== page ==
10 hours ago
Author and game designer Jason Richards waxes philosophic on writing, muses about RPG design, offers insight into his current projects, and imposes many exaggerations and outright lies on the people of the Internet.
For the reasons stated above, the Court grants Trion’s motion to dismiss under Fed. R. Civ. P. 12(b)(2) for lack of personal jurisdiction. In addition, the Court denies Palladium’s request for expedited discovery. Finally, Palladium’s motion for a preliminary injunction is denied for lack of personal jurisdiction.
FOR: COMPUTER GAME SOFTWARE AND COMPUTER GAME PROGRAMS CONTAINING ROLE PLAYING GAMES INVOLVING SCIENCE FICTION OR FANTASY ADVENTURES, OR INVOLVING CHARACTER GENERATION OR SCENARIO GENERATION.Pretty vague, right? I could see how that might just cover something such as the RGMC. So, I dug around and found the trademark for a video game that we all know and love, Wolfenstein 3D. I've posted the document here if you're interested, but this is what it says:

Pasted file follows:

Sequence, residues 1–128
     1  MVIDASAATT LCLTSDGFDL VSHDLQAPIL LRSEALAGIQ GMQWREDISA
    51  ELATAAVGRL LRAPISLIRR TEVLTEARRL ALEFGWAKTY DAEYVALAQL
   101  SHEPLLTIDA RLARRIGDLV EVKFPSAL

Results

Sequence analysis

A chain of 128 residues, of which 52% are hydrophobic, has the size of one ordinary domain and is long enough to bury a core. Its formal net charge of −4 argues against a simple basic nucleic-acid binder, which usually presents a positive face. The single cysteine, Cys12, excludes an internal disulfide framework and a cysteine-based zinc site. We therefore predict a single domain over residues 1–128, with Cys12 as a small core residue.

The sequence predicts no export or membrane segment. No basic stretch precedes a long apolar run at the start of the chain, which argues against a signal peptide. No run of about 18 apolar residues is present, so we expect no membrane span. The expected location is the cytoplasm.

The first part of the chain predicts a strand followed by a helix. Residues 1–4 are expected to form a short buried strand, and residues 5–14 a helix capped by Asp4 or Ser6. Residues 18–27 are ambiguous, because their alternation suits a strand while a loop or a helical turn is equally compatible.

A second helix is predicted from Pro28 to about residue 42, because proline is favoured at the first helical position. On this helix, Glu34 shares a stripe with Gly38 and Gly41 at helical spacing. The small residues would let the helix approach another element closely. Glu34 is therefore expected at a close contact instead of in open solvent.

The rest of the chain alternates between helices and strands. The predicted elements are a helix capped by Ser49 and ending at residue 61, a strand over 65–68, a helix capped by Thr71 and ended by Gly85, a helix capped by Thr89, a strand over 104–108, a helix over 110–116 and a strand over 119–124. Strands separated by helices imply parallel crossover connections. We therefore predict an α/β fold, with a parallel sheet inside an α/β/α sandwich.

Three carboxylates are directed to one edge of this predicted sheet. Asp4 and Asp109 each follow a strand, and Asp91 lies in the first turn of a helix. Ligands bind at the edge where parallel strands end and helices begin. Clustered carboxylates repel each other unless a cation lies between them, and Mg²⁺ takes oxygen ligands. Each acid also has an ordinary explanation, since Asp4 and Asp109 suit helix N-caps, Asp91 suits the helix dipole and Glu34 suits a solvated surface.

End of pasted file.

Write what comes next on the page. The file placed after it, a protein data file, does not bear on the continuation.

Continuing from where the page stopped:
FOR: COMPUTER SOFTWARE GAMES AND COMPUTER GAME PROGRAMS.I guess that settles that. I was shocked at how simple the language was back then. For comparison, check out how much more detailed the trademark claim for Promise of Power is, below, or check it out here.
FOR: VIDEO GAME CARTRIDGES; VIDEO GAME DISCS; VIDEO GAME INTERACTIVE CONTROL FLOOR PADS OR MATS; VIDEO GAME INTERACTIVE REMOTE CONTROL UNITS; VIDEO GAME JOYSTICKS; VIDEO GAME MACHINES FOR USE WITH TELEVISIONS; VIDEO GAME SOFTWARE; VIDEO GAME TAPE CASSETTES.And that's in addition to another big paragraph about toys and cheat guides and dozens of other things. Amazing.